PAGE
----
(Tasso Photo) , the maker of a product that lets patients collect their own blood at home, raised $6.1 million in a round led by Vertical Ventures Partners. Startup accelerator Techstars and Los Angeles-based hospital Cedars-Sinai also invested in the round. The Seattle-based startup said the blood sample device, called Tasso OnDemand, should be available by the middle of this year. The idea is that people can take their own blood at home and mail it to a lab directly rather than go to a clinic. This allows for more frequent testing to monitor a drug’s effects on the blood, providing regular feedback for researchers and doctors while making the process easier for patients. The company developed the platform using $13.1 million of from the Defense Advanced Research Projects Agency (DARPA), the Defense Threat Reduction Agency (DTRA) and the National Institute of Health (NIH). Tasso was started by and , who both received doctorates in biomedical engineering from the University of Wisconsin-Madison. “We are excited to work with VVP on furthering our mission of patient-centric blood collection,” said Casavant, who serves as Tasso’s CEO. “With the additional support of Techstars and Cedars-Sinai, we are well positioned to transform clinical blood testing by making it painless and convenient.” Tasso has pilot programs with the Fred Hutchinson Cancer Research Center in Seattle, Cedars-Sinai and others. Vertical Ventures invests in early-stage tech companies across a range of industries. The VC firm’s other healthcare investments include health data company Roam and GE Ventures spinout Menlo Micro. Vertical Ventures partner Brad Corona said the company was looking to sell the product to labs and pharmaceutical companies. “Blood collection hasn’t changed in decades, and judging from the strong early interest from commercial partners, it’s time,” he said. Quest and LabCorp dominate the diagnostics industry, which a number of startups have tried to disrupt through at-home or direct-to-consumer testing. EverlyWell, a startup that received funding through “Shark Tank” and offers a menu of health tests based on samples collected at home, has over its accuracy.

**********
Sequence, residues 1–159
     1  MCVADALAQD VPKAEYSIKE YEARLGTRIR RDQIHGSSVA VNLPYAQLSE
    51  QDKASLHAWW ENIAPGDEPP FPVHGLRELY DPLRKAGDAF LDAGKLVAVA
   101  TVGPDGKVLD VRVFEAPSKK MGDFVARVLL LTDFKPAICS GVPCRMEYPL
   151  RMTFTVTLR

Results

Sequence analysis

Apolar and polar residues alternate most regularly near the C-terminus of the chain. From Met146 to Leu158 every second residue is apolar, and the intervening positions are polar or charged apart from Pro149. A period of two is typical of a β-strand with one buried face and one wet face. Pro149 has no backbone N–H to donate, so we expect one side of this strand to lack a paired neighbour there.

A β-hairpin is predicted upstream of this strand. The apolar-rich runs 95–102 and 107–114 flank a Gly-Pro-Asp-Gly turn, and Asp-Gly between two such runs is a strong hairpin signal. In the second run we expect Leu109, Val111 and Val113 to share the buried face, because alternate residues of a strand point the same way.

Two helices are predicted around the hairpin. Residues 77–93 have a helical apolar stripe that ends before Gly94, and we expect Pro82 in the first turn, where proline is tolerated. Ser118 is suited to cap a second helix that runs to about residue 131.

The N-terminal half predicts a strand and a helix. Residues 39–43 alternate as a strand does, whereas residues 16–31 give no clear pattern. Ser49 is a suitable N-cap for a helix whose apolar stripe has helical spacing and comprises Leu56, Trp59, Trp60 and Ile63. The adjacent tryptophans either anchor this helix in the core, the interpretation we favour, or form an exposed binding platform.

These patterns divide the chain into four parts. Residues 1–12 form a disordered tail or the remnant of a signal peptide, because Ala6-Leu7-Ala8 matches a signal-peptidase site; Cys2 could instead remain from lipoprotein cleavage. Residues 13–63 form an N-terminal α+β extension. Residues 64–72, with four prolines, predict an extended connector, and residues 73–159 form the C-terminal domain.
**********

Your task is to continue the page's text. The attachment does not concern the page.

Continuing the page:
That’s actually just one display, reflected in an array of mirrors. This photo from technology startup Misapplied Sciences Inc. uses mirrors to show how a single “parallel reality” display looks from many different vantage points. The single screen is behind the photographer. (Misapplied Sciences Photo) , the Seattle-area company behind a screen that can show different displays to multiple people at the same time, has raised more cash. A new regulatory filing shows that the startup has reeled in a $7 million investment. The company did not respond when contacted by GeekWire. It previously raised a $3.4 million equity investment, and landed a $900,000 grant from the National Science Foundation’s Small Business Innovation Research program. Misapplied’s tech is — one that can send different colors of light in tens of thousands of directions. Put those pixels together into a display, and it means that a bunch of people standing in a room, each looking at the same screen, see different images. Combine that with location sensors, and the company says it’s possible for a display to follow a person through space. Misapplied Sciences co-founders: Chairman and CTO Paul Dietz, CEO Albert Ng, and Chief Creative and Operating Officer Dave Thompson. (GeekWire Photo / Kevin Lisota) The Redmond, Wash.-based company was started in 2014 and is led by CTO Paul Dietz, CEO Albert Ng and chief creative and operating officer Dave Thompson. The team operated in stealth mode for several years before unveiling their technology last year. Misapplied Sciences won the Innovation of the Year award at the this past May. Dietz, the company’s CTO and chairman, is known in the engineering world for pioneering work on multi-touch screens at Microsoft Research. He also spent time at Disney, working on the “Pal Mickey” interactive toy. Ng also worked at Microsoft Research during Dietz’s tenure. Thompson was a show producer at Walt Disney Imagineering while Dietz was working in that division. Other startups have tried to find ways to show different things to people using a single display. is a startup that uses projectors to display different content to multiple people on the same screen. At first, Misapplied’s screen sounds strange, like what would happen if Willy Wonka designed a jumbotron. But its overall vision aligns with the goals of modern advertising. Delivering unique advertising to people based on data is, after all, the magic sauce that built Google and Facebook. Beyond ads, Misapplied says the technology could eventually be used on roadways to show drivers individualized signs. In airports, information screens could display personalized flight information. Misapplied investor and board member Carl Ledbetter of Pelion Venture Partners was among those listed on the filing. So was Mike Edelhart, who is managing partner at startup investor Social Starts, .